Strumming, indeed rhythm guitar as a whole, is an important discipline that every guitarist should master. As fun as it is to play fiery solos, the guitar is also an integral part of the rhythm section and the ability to play chords fluently is a must. After all, guitarists in most styles spend the majority of their time playing rhythm.
There are key styles that use strumming as a key aspect and certain players that are particularly good at it. Funk guitar relies heavily on 16th note strumming, fusing chords with ghost notes and syncopation for a sophisticated and exciting sound.
It is also an integral part of acoustic or folk guitar, forms the backbone of many rock ballads, and is used as a “bed” over which other instruments are placed when recording.
So strumming is important both harmonically and percussively. Great rhythm players include Nile Rodgers, Jimmy Nolen (James Brown), Bruce Welch (Shadows), David Williams (Michael Jackson), Pete Townshend, Malcolm Young and John Frusciante to name a few.
There are a few things to keep in mind when strumming. First of all, it is important what type of pick to use or whether to use one at all. Although a heavy pick (e.g. 1mm or more) is perfect for accurate and articulated plucking of single notes, the “give” in a lighter pick (e.g. 0.060mm) is better for strumming because it is makes things a little easier to play and adds a bright, percussive “shimmer” to the sound.
Other players don’t use a pick at all, preferring the side of their thumb or the back of their fingernails. It’s important to experiment with all options, as you may find that different genres or styles prefer different approaches.
Another thing to consider is the physical aspect of strumming. Good strummers tend to play from the wrist and keep it nice and loose to get a fluid and even touch. There is some movement from the elbow, of course, but most of the movement comes from the wrist.
Of course, every player has their own approach, so spend some time analyzing your favorite artists or bands to see how they approach their rhythm guitar technique.
This month we have four samples and one study piece for you, each focusing on a different style of music. Use them to try different picks, or don’t use a pick at all and make sure most of the action comes from your wrist and you’re not just dragging your arm up and down.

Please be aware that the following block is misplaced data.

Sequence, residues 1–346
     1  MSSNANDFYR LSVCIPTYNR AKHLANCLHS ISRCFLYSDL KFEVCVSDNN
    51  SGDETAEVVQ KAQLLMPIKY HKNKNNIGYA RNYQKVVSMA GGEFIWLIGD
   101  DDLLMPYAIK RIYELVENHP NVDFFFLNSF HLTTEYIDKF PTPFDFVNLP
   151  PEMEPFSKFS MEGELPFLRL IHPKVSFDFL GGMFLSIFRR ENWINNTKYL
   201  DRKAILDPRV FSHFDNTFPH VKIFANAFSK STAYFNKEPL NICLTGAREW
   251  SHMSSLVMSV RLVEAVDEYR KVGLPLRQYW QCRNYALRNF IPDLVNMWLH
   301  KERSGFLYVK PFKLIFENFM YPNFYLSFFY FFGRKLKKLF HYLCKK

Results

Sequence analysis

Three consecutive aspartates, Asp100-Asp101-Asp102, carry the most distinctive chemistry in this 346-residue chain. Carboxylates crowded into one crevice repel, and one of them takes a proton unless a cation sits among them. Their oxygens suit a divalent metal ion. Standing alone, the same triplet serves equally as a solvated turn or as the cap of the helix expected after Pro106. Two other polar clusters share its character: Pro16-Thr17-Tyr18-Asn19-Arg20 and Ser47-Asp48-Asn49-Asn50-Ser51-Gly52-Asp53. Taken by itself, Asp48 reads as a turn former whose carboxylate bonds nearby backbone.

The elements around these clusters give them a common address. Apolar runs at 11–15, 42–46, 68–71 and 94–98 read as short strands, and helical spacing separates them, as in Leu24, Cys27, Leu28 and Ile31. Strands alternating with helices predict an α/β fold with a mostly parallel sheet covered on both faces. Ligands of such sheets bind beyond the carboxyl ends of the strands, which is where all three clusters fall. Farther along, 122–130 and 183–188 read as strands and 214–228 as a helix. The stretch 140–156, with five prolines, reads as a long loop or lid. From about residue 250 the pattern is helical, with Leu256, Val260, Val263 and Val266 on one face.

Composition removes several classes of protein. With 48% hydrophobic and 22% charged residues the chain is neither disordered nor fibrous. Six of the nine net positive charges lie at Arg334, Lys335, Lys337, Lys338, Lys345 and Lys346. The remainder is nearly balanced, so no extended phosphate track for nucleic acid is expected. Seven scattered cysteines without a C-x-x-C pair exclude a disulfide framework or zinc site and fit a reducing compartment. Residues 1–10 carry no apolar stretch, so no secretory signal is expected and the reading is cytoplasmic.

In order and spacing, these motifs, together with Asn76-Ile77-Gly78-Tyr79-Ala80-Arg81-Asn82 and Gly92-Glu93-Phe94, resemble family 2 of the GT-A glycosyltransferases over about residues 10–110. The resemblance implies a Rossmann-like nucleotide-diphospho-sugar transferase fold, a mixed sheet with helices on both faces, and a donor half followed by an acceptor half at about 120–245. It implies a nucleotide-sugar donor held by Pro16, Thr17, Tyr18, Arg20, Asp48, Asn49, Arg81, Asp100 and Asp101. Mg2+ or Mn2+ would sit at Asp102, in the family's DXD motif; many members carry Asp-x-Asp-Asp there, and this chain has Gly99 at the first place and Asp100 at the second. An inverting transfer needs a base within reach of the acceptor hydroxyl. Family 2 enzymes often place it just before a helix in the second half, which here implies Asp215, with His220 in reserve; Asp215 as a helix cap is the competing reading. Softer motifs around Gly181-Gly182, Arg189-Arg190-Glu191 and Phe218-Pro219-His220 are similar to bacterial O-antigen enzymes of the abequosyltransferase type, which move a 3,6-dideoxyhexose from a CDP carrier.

Get the tone
Amp Settings: Gain 3, Bass 4, Middle 5, Treble 6, Reverb 4
The settings above form the basis for the clean tones you will hear in the examples. When adding overdrive, make sure you don’t oversaturate things, but rather let the clarity of the notes come through. Too much echo will also confuse things, so use just enough reverb to keep things sweet. And remember that an acoustic guitar is also suitable for these pieces.
Examples in four different styles
Our first example is a tribute to Pete Townshend, a great rhythm guitarist. The most important thing is to keep the hitting hand in a steady up and down motion. Since this is a 16th note pattern, the downbeats – the “one” and the “and” should be on downbeats, while the “e” and “a” should be on upbeats. This technique helps with flow and timing and makes it easier to lock into the groove. Why not try it acoustically?
Here’s a funky one in the style of Nile Rodgers or Cory Wong. Approach this example the same as Ex1. Keep your wrist loose and make an even up and down motion. There are some ghost notes here that can be added to the groove. To do this, raise your fret hand slightly so that it’s still in contact with the strings but not pressing all the way down on the fretboard.
This folksy idea is borrowed from Bob Dylan and a little bit from Mumford & Sons. It’s based on a G major chord but with moving bass notes. This style can be challenging at first, going from a precise single bass note to a strummed chord. Also, we’re in 6/8 time, so remember to think in 3s or 6s and count ‘1, 2 & 3 &, 4, 5 & 6 &’.
This one is a lot rockier, reminiscent of players like AC/DC’s Malcolm Young, whose rhythm guitar playing is as solid as it is legendary. This example differs from the others because it is played entirely with cuts. This approach is used to get a consistent sound and attack for each chord. However, you can also experiment with upward movements. The most important thing is that you connect with the bass and drums and don’t push yourself.
[Bars 1-8] Here you’ll find suspended chords and 16th note scrapes in a rock style akin to Pete Townshend’s. It’s important to use a combination of serve and serve and keep your wrist loose to encourage fluidity.
The most challenging part is hitting the D/F# chord quickly on bars 2 and 6. To help with this, I played the D/F# chord with my index finger on the 2nd fret, second finger on the 3rd fret of the second string and the third finger on the 4th fret of the fourth string.
[Bars 9-17] This section is based on a repeating sixteenth note pattern with a series of ascending chords. The A major chord with a C sharp in the bass (major third interval) supports the ascending chord progression.
Again, keep your wrist loose and aim for even up and down bows as noted on the score. Not only is it important to have the timing snap strongly, but also to keep the dynamics even, as the goal is not to have certain chords or strums louder than others.